Book Keeping: A Reader's Community

Reading Group Guide: Jacob’s Folly

Rebecca Miller

JacobsFolly_Miller

An ingenious novel of love, faith, and reincarnation, Jacob’s Folly weaves three storylines to create a rollicking tale in which the past reverberates into the present. At the heart of the novel are Jacob, a Jewish peddler living in eighteenth-century France; Leslie, a Long Island volunteer firefighter; and Masha, an alluring young Ultraorthodox Jew who aspires to become an actress. In Rebecca Miller’s inventive second novel, the fates of these individuals intertwine when Jacob finds himself reincarnated as a fly in contemporary New York. Showcasing Miller’s quirky humor and keen eye, Jacob’s Folly traces the characters’ multifaceted transformations: personal, spiritual, and literal. As Miller considers the collision of fate and free will, her world becomes a place of matchmakers and gamblers, vagabonds and heroes, all united in the pursuit of unrealized dreams.

We hope that the following discussion topics will enhance your reading group’s experience of this funny, luminous, and deeply moving novel.

 

Questions and Topics for Discussion

1. Discuss Jacob’s storytelling style. How does he create a tragicomic tone? Which passages moved you the most? When did you find yourself laughing inappropriately?

2. Jacob and Masha face difficult decisions about whether to follow religious tradition. Do their family legacies empower them or hinder them? Would you have turned down Monsieur le Comte’s job offer? Would you have said yes to Eli’s marriage proposal?

3. Discuss Hodel’s transformation. In the novel, is sexuality something to be savored, or does it spell doom?

4. How does Leslie relate to his older sister? Does Masha have much in common with Deirdre and the other women in Leslie’s life? What makes him well suited to his job as a rescuer?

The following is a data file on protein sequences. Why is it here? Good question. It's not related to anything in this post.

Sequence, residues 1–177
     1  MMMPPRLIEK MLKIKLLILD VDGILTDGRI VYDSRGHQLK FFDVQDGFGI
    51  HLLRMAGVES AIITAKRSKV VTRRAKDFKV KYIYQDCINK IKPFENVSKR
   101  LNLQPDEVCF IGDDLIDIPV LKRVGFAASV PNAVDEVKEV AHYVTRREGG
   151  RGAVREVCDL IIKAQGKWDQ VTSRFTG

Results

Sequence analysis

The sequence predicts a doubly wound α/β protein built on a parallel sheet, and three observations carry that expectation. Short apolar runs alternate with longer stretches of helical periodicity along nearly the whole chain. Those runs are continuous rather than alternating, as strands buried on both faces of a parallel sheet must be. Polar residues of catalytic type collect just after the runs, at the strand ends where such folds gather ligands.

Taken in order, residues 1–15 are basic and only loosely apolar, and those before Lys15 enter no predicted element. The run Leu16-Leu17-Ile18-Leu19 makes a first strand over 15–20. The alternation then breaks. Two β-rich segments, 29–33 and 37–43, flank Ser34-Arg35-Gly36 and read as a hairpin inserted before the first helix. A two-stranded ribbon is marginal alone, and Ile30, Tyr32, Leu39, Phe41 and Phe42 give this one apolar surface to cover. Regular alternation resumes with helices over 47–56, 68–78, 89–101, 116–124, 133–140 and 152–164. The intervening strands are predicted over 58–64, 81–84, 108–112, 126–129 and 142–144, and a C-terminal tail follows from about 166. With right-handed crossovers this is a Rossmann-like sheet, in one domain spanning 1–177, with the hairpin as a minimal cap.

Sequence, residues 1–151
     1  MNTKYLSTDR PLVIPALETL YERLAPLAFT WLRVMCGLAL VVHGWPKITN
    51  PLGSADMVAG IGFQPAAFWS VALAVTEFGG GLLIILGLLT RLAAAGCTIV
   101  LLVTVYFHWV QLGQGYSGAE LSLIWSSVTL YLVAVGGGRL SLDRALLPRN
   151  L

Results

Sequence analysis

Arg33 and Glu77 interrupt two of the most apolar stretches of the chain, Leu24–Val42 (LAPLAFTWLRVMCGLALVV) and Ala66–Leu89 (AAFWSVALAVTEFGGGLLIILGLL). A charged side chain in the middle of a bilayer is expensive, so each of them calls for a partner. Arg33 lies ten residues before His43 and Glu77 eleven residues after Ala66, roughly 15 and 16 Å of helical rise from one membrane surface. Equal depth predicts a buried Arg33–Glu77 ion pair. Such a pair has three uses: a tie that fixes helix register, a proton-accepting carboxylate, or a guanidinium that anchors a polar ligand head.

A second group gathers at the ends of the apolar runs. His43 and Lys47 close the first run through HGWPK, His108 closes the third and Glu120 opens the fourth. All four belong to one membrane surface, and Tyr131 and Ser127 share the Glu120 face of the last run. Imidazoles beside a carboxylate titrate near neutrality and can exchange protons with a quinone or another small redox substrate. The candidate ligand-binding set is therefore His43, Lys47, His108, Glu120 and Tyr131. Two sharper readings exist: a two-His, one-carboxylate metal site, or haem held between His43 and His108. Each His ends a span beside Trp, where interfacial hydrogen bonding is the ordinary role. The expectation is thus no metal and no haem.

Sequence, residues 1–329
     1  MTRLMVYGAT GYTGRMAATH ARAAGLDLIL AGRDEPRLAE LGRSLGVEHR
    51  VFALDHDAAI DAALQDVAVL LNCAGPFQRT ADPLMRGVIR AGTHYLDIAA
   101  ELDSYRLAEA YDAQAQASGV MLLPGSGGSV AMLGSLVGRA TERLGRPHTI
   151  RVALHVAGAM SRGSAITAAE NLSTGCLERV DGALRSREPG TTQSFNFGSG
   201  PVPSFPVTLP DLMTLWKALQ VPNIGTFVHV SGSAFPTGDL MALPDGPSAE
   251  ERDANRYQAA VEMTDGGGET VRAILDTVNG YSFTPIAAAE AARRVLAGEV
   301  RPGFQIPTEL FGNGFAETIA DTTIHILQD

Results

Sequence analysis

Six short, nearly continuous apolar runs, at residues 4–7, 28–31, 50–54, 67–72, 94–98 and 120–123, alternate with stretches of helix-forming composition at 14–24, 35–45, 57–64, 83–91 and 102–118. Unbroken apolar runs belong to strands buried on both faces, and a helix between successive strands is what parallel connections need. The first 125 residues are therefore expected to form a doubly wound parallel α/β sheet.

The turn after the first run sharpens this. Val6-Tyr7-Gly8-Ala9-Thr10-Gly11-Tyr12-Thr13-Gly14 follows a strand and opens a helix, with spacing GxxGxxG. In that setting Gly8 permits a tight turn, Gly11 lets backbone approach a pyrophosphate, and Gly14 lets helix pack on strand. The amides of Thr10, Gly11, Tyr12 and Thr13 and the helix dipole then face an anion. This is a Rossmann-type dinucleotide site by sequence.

5. Visiting from Poland, Gimpel claims that Jacob has become too much like the French. What does it cost Jacob to assimilate, leaving behind even his name? What does it cost Gimpel to be himself? By the end of Jacob’s life in France, has he abandoned or discovered his true self?

6. What do Masha’s roles onstage, which place her in a world that is so different from her own, mean to her? What role does she have to play in her negotiations with Nevsky? How does Jacob’s skill as an actor in daily life prepare him for a career onstage?

7. Ultimately, does Hugh lead Masha to a better life, “healing” her in a way? What was at the heart of Pearl’s fears?

8. What historical details did you discover about eighteenth-century France by reading Jacob’s tale? How does his anti-Semitic world compare to Masha’s New York?

9. What does Antonia’s story illuminate about class, leverage, and survival as Jacob tries to find security?

10. Shortly after Jacob’s awkward Good Friday experience, the count says that he is naming the pyramid “Jacob’s Folly” to commemorate the Jews’ liberation from Egypt and one of their heroes. Discuss the many ironies of the building’s name (and the novel’s title).

11. In chapter 42, Max’s story serves as a bridge between the Old World and the United States. Is this a novel in which history repeats itself, or do the characters become masters of reinvention?

12. What do you predict for Jacob? Will his final prayer be answered? How have his experiences affected his relationship with God?

13. Discuss the book in comparison to Rebecca Miller’s previous novel, The Private Lives of Pippa Lee. Do Pippa, Masha, and Jacob speak to any common themes about fate and risk?

14. If you could be a fly on the wall of a family three hundred years from now, what would you hope to see? What type of family would you want to set up housekeeping with?

Download the reading guide here.

REBECCA MILLER is the author of the short-story collection Personal Velocity, her feature-film adaptation of which won the Excellence in Cinematography Award at Sundance, and The Private Lives of Pippa Lee (FSG, 2008), which she also adapted for the screen. She lives in New York and Ireland with her family.

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